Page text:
On the Endangered List
The lower price ranges are disappearing with far fewer homes available to purchase, and it is impacting the number of affordable closed sales.
For the most part, prices do not remain the same. Over time, just about everything becomes more expensive. After a while, society digests the higher values. Gasoline was $1.12 per gallon back in 2002, compared to $4.20 today. A visit to the Magic Kingdom would set a Mickey Mouse fan back $41 back in 2000, a lot cheaper than the $114 Disneyland ticket this month. In 2010, mouth-watering, sliced bacon was selling for $3.86 per pound versus $5.85 today. Change is inevitable, and so are higher prices.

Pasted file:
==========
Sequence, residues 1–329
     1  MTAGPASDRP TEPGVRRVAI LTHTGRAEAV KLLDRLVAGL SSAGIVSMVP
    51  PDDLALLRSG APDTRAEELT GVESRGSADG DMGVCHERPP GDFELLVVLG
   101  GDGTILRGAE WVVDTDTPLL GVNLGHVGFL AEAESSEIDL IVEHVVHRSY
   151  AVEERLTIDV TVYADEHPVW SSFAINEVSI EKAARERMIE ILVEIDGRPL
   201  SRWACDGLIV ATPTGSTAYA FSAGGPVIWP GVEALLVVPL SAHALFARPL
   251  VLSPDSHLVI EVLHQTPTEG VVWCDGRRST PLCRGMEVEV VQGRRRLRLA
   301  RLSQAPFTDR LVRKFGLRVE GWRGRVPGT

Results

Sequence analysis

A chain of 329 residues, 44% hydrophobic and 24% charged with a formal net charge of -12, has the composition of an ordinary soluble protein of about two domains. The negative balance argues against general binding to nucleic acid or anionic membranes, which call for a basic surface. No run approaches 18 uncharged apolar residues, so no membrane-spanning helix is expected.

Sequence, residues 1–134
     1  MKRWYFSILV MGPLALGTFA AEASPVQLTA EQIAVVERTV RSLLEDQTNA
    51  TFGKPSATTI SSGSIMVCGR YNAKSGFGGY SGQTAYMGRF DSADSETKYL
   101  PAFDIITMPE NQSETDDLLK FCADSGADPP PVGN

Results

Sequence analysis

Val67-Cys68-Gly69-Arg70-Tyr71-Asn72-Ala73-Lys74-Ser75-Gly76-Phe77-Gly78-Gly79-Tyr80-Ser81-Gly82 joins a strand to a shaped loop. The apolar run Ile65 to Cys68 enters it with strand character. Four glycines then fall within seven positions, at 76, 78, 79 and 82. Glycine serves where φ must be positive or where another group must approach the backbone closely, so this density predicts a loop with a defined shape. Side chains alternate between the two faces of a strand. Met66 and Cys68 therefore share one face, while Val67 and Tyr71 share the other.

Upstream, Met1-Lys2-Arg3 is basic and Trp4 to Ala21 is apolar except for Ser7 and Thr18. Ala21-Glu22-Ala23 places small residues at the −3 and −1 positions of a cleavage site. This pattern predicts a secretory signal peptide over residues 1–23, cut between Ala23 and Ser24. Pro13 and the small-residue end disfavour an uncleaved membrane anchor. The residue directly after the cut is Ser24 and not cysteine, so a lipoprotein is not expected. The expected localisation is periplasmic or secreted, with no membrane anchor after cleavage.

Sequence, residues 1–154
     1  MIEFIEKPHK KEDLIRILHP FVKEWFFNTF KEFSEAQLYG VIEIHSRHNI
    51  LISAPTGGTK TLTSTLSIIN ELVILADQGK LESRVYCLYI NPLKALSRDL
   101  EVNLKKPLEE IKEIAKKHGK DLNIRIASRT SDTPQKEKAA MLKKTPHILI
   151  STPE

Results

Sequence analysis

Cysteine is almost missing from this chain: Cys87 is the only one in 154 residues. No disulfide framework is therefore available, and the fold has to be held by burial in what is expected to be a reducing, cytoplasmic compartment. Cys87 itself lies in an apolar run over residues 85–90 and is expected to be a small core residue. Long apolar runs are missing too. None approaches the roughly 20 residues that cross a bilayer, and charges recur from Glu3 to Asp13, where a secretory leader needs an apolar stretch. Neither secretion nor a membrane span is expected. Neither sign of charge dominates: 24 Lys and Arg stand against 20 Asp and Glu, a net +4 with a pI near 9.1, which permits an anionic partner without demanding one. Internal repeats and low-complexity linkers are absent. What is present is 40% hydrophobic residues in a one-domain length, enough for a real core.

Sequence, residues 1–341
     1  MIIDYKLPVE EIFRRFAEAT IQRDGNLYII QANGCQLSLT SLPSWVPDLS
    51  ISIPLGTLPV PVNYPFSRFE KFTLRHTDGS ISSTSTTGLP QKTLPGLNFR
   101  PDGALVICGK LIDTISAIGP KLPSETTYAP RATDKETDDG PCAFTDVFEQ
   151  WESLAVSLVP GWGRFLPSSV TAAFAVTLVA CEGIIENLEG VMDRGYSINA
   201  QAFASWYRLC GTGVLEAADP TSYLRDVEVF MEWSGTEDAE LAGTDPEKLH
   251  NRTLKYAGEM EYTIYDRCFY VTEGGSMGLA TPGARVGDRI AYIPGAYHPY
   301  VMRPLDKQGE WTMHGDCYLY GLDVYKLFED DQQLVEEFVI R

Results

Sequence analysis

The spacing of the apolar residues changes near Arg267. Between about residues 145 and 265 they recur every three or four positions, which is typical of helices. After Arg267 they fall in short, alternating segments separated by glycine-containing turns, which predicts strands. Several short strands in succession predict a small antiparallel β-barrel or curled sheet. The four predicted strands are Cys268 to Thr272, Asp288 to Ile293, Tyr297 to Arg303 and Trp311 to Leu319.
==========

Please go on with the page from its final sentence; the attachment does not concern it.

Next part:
Housing is definitely not an exception to increasing prices. In the first quarter of 2012, there were 5,553 closed sales below $750,000, 87% of all sales. It was 71% of all sales in 2016, and 51% last year. In 2021, only 41% of all sales were below $750,000 in the first quarter. As home prices have appreciated over the years, the lower price ranges have dwindled and became a smaller percentage of the housing stock. It is not merely the fact that fewer homeowners within these more affordable price ranges have not placed their homes on the market; instead, it has more to do with home values appreciating and surpassing the lower range thresholds. These ranges are vanishing.
Excerpt taken from an article by Steven Thomas.